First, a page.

Classic Computer Magazine Archive COMPUTE! ISSUE 144 / SEPTEMBER 1992 / PAGE G20

Smooth scrolling. (use of double buffering)
by Jim Butterfield

Pixel scrolling seems simple. Experimental POKES on a 64 to address 53265 or 53270 (hexadecimal Doll or D016) will show how the screen may be shifted one pixel.

The tough part comes when you reach the limit of a pixel register, which goes from 0 to 7. At that time, you must move every one of the characters onscreen to a new location and then reset the pixel count.

So, can we move 1000 bytes in less than 1/60 second? Practically speaking, it can't be done, not even at the blinding speed of machine language. And if we are working with a high-resolution screen, we need to move 8000 bytes. So many bytes, so little time. It's out of the question.

There is a way around it, though: double buffering. Here's how it works. We have two screen areas set up in memory. One screen is being displayed, and the other is being constructed. When the second screen is complete, we tell the video chip to switch its attention to the new location. It now becomes the "real" screen, and we can start to build a new display in the former screen-memory area.

It still takes time to do this, but the switch won't take place until the new screen is completely built. Both pixel scrolling and the screen switch benefit from careful timing. We must pull the switch during retrace to ensure that there will be no flicker or screen jump.

The following is a simple smooth-scroll program for the 64 that demonstrates this technique. The code is stored in the cassette buffer memory area. Because of its size, we'll focus our attention on select parts of the program. You may enter the BASIC program, run it, and then disassemble the machine language code if you want to see details.

Our two screen buffers are located at 32768 and 33792, hexadecimal 8000 and 8400. We build the new screen by copying characters from the other, active, screen. The direction of our scroll is up, so we drop the first 40 characters from the old screen, copy the rest, and then fill the bottom line of the new screen with space characters.

The program uses two indirect addresses to do this copying: $26/27 holds the "from" pointer, and $28/29 the "to" pointer. As we flip between the two screens, the two pointers are set appropriately.

The first thing the program must do is copy the screen. That occupies code from $033C to 037E. A short loop follows to pad the bottom line with space characters.

At $038A, we walk the old screen through its pixel scroll. Since we're scrolling in the up direction, our objective is to step the Y pointer from 7 down to 0. That pointer is stored in the video register at Doll, which also contain the video-enable signal as bit 4. So the value that we stuff into that register will step from $17 down to $10; we hold this value in the X register.

Before each pixel scroll, we wait for a screen retrace. We do this by watching that same register, Doll. Its two highest bits tell us about the raster. When the value of those two bits goes down, it's retrace time.

In fact, we wait for six retrace events. We don't want our pixel scroll to be too fast, or the user might miss it. Each retrace happens in about 1/60 second, so a loop of six retraces will slow our pixel movement to 10 per second. ; scroll seven pixel positions 038A LDX #$17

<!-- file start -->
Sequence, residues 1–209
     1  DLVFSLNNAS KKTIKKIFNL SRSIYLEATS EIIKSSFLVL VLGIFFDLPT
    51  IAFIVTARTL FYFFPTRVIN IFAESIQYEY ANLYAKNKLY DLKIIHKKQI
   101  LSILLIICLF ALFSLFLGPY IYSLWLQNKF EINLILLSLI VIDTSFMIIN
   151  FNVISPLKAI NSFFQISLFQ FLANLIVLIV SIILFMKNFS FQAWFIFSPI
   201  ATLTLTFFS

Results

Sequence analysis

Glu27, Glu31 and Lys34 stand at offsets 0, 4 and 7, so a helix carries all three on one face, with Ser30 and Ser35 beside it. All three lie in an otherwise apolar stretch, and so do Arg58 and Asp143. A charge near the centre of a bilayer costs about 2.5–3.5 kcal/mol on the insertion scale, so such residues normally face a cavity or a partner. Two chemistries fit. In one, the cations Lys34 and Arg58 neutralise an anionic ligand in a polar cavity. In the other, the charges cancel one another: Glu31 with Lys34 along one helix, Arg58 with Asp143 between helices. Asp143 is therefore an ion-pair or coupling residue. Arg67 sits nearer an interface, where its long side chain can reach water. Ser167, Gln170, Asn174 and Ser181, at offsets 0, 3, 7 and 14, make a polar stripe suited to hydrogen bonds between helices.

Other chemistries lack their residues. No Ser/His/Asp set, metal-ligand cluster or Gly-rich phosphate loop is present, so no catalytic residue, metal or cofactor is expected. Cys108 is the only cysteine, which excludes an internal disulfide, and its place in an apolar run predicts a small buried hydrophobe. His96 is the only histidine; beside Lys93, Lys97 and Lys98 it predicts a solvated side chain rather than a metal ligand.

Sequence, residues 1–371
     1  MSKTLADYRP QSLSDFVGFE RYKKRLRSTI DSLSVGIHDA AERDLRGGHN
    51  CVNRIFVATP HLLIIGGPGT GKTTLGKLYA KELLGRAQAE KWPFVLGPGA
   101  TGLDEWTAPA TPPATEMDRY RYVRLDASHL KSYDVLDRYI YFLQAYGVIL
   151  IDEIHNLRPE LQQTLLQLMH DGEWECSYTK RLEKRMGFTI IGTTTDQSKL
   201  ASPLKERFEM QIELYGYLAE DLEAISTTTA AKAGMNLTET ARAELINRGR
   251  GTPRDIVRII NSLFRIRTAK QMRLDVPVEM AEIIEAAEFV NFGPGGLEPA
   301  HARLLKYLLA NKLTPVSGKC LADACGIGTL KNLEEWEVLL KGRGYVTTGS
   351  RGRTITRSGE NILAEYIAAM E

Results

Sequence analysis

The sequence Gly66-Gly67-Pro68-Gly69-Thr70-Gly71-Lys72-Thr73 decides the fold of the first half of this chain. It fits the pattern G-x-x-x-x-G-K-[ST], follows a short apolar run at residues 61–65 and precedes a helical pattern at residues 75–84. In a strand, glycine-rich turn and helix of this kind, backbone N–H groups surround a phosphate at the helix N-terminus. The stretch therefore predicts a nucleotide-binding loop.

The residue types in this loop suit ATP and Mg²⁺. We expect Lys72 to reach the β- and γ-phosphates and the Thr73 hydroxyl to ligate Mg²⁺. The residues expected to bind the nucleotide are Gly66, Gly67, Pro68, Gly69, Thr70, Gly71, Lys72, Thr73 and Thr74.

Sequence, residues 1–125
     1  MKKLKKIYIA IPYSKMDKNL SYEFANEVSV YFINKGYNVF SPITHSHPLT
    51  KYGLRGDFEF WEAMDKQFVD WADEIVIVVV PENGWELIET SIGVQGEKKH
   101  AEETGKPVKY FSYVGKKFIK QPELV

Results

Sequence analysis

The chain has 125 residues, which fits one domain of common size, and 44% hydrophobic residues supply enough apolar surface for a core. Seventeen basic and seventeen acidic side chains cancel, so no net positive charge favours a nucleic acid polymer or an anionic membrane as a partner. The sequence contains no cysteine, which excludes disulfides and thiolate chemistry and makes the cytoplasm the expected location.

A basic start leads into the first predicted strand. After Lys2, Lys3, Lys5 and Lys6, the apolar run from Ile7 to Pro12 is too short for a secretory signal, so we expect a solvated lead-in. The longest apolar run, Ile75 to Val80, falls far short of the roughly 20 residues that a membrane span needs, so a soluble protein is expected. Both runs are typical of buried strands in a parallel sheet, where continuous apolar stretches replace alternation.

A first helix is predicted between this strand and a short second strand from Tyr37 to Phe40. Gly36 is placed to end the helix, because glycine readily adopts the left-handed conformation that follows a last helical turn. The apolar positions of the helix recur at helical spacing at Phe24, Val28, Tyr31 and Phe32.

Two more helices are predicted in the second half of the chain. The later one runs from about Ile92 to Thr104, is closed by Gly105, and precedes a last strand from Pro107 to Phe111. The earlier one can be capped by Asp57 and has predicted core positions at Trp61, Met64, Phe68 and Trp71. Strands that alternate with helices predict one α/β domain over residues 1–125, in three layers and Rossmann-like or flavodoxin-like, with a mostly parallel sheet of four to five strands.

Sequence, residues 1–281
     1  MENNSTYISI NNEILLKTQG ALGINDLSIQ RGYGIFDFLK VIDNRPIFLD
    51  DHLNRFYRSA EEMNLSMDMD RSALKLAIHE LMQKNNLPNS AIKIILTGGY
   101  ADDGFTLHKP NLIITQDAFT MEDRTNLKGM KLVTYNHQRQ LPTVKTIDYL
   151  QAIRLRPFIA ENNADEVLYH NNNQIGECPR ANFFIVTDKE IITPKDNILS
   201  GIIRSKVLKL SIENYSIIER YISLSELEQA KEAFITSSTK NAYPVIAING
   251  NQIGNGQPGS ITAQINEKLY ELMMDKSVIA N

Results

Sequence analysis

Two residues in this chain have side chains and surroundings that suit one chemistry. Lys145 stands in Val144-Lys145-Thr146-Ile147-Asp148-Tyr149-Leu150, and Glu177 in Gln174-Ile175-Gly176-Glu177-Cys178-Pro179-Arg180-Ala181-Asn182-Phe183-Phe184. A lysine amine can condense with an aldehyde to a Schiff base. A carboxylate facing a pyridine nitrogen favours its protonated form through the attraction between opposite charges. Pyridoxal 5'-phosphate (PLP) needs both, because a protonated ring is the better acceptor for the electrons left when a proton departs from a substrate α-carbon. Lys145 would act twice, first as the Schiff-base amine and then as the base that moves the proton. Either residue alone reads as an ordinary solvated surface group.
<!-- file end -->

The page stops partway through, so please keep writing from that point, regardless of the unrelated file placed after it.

; wait about 1/10 second 038C LDY #$05

wait for screen retrace 038E LDA $D011 0391 AND #$C0 0393 CMP 03D0 0396 STA 03D0 0399 BCS $038E 039B DEY 039C BPL $038E

;do pixel scroll ;set up next 039E STX D011 03Al DEX 03A2 CPX #$10 03A4 BCS $038C

Now the pixel scroll has reached its limit. Our screen characters are set; we simply flip to the new screen. We must also return the pixel counter to its highest value. Moving the characters is the equivalent of eight bits of scrolling, so we back off seven bits to produce a net one-bit scroll. 03A6 LDX #$17 03A8 LDA $D018 03AB EOR #$10 03AD STA $D018 03BD STX $D011

The above coding puts the two store instructions close together to minimize possible screen jump. In fact, we're quite safe, since all this is being done in retrace time.

A small amount of extra coding is added. Its purpose is to reposition the cursor so that the next time we print, the information will go to the new screen and be printed at the appropriate place. This involves storing a new value in address $0288. The Kernal routines use this address to find the screen.

The program code shows a character screen moving in one direction only. Once you understand the principles involved, you can take on more ambitious jobs. BX 100 DATA 169,40,133,3



39,132,41,169,16 HP 110 DATA 44,24,208,24




,40 DC 120 DATA 144,247,24,




33,40 FM 130 DATA 144,2,230,41



45,40,200,192,40 SF 140 DATA 144,249,162,




243 EQ 150 DATA 136,16,240,1



3,173,24,208,73 AB 160 DATA 16,141,24,20




0,255 XS 170 DATA 169,13,76,21

0,255 EB 200 FOR J=828 To 964 DP 210 READ X CG 220 T=T+X FQ 230 POKE J,X QF 240 NEXT J MJ 250 IF T<>15776 THEN


,128:CLR DX 300 POKE 53265,23 MG 310 POKE 56576,5 XB 320 POKE 53272,4 KH 330 POKE 648,128 KD 340 PRINT CHR$(147) JE 350 FOR J=1 To 22 CS 360 PRINT PS 370 NEXT J HK 380 PRINT "THIS IS AN




LIKE IT"; HX 450 SYS 828 DS 460 FOR J=1 TO 1000:N

EXT J ER 800 POKE 648,4 GJ 810 PRINT "END!" JM 820 POKE 53272,20 FJ 830 POKE 56576,7 DF 840 POKE 53265,27 BD 850 REM NEXT POKE OPT

IONAL KA 860 POKE 55,0:POKE 56